In the first of our On the Road series, the Ticker‘s Bridget O’Connell heads north on State Highway 6 to take the pulse of the industry. First stop: Tekapo.
Tekapo Part I
For the third time in three weeks, Tourism Ticker has hit the road. Week one was Dunedin, week two was Wellington, and week three is Nelson with a few stops on the way.
By Tourism Ticker, I mean me, Bridget. I have left my girls, my tomato plants and my betrothed at home and instead have my camera, my phone and my laptop.
So on this trip, the TT Roadie, I will be taking a photo or two of some of the people I meet and the sights I see, as well as writing a few words.
First stop is the family-run Air Safari in Tekapo where I meet genial director Tim Rayward.
Established in 1970, this company’s core business is fixed-wing scenic flights, although it has a helicopter in its fleet too.
Its various routes include showstopping Grand Traverse which takes in the majesty of Aoraki Mount Cook, the Tasman Glacier and the Westland Tai Poutini National Park encompassing the magnificent Franz Josef and Fox Glaciers.
The latest addition to its nine-strong fleet is a $3.7m single engine Cessna Caravan, which Rayward picked up from the United States in October last year when it rolled off the production line.
It was a four-leg flight to get this new plane home from Wichita, Kansas to New Zealand via California, Hawaii and Samoa. An adventure Rayward seems to relish reliving while standing in his civvies in one of the hangars at the company’s Lake Tekapo airport.
The investment this plane represents is a vote of confidence by Rayward in the future of the business and the future of the country’s booming tourism industry.
Questions about summer elicit what I have found to be a common response from weather-dependent operators this season– it’s been good but not as good as it could have been.
“You need the visitors and the weather at the same time” is how Rayward sums it up.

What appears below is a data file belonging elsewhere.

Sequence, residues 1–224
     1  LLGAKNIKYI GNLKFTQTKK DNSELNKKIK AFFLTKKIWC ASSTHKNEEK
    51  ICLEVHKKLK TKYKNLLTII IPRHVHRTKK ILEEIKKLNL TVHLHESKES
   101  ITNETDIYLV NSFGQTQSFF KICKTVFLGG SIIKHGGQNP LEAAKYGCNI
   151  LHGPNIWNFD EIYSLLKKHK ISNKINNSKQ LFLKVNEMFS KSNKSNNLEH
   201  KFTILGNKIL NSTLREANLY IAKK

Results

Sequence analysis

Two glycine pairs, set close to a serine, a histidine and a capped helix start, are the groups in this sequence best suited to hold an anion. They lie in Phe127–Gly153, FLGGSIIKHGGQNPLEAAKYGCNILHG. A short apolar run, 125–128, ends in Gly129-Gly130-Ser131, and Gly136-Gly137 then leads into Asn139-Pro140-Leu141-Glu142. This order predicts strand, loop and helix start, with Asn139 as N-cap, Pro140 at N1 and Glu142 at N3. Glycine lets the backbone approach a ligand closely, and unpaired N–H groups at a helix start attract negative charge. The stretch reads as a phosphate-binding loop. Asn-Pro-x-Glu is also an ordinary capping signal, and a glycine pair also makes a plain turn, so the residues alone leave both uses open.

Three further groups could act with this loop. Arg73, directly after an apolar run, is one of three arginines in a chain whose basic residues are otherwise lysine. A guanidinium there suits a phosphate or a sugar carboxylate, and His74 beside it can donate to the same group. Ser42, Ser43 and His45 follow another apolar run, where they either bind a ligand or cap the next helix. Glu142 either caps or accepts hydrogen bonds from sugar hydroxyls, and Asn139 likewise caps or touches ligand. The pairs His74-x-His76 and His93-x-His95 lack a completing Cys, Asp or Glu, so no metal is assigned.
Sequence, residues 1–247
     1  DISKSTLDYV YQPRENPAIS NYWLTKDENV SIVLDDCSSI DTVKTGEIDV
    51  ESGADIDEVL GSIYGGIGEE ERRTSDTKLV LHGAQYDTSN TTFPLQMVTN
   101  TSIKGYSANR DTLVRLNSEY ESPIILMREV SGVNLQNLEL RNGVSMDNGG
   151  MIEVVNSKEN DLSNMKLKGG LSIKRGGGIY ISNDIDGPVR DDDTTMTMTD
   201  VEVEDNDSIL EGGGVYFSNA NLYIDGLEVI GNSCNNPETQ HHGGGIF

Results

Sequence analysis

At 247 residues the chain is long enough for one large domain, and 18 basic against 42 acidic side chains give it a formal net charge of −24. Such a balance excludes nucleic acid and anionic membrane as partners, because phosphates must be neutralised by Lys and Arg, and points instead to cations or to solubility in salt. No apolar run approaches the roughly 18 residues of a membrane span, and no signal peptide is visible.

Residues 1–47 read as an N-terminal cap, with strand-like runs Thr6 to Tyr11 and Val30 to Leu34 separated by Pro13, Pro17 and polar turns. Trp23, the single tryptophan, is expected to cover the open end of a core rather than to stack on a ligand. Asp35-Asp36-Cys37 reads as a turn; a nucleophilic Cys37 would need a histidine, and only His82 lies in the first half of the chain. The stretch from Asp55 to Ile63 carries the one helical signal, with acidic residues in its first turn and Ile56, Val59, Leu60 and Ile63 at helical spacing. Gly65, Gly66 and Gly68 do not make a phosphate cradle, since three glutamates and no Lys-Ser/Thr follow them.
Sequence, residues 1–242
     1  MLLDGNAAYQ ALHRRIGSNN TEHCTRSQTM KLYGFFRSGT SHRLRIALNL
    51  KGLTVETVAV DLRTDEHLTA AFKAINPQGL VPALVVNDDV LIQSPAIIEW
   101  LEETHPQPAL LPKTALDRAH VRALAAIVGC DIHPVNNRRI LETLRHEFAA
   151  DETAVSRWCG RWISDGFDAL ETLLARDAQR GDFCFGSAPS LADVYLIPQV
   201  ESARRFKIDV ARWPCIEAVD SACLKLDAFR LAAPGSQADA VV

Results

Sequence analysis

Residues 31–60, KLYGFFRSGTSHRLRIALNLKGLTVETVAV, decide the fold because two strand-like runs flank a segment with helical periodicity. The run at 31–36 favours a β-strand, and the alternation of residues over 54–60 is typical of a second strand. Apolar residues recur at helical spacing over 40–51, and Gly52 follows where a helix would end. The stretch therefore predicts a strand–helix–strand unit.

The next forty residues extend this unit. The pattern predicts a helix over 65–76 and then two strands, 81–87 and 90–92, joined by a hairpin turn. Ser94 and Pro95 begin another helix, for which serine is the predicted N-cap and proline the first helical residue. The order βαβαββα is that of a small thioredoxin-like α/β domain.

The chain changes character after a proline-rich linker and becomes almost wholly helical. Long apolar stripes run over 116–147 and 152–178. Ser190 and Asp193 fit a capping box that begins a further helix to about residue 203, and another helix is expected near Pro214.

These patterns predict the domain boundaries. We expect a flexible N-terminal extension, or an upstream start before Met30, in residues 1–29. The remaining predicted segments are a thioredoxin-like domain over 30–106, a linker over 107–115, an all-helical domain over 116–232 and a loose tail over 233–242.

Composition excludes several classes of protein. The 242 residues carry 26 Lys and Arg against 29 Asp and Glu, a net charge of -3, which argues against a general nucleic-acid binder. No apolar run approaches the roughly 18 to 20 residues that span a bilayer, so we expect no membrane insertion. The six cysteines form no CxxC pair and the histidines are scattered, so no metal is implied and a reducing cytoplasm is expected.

Talk turns to Tekapo’s tourism goldrush. The long-time local, Rayward embodies the tension between a resident wanting to preserve the environment they love to live in and an operator who is well aware his business needs tourists to turnover.
From his vantage point in the sky, Rayward sees first hand the damage caused by freedom campers to lakeside sites which were once only the preserve of locals. The result being they are now closed to all.
Managing things like parking and walkways is essential to managing the bigger picture, according to Rayward, who points to huge improvement the $2m footbridge accessing the tourist-magnet the Church of the Good Shepherd has made to pedestrian and road congestion.
As well as scenic flights, Air Safari offers private and commercial air charter. Enquiries for charter planes are a good barometer of how the global economy is performing, Rayward reckons.
And things are bustling along fairly well at present with enquiries from a good spread of cash-rich and time-poor international visitors, who see it as a better alternative than driving from Christchurch to Queenstown, for example.
He has another measure of how things are performing. And that is simply taking a good look out the window to see what’s happening on State Highway 8.
“I’ll be able to tell you the trend two months before the stats do.” And for someone as experienced in the industry as Rayward, he probably could.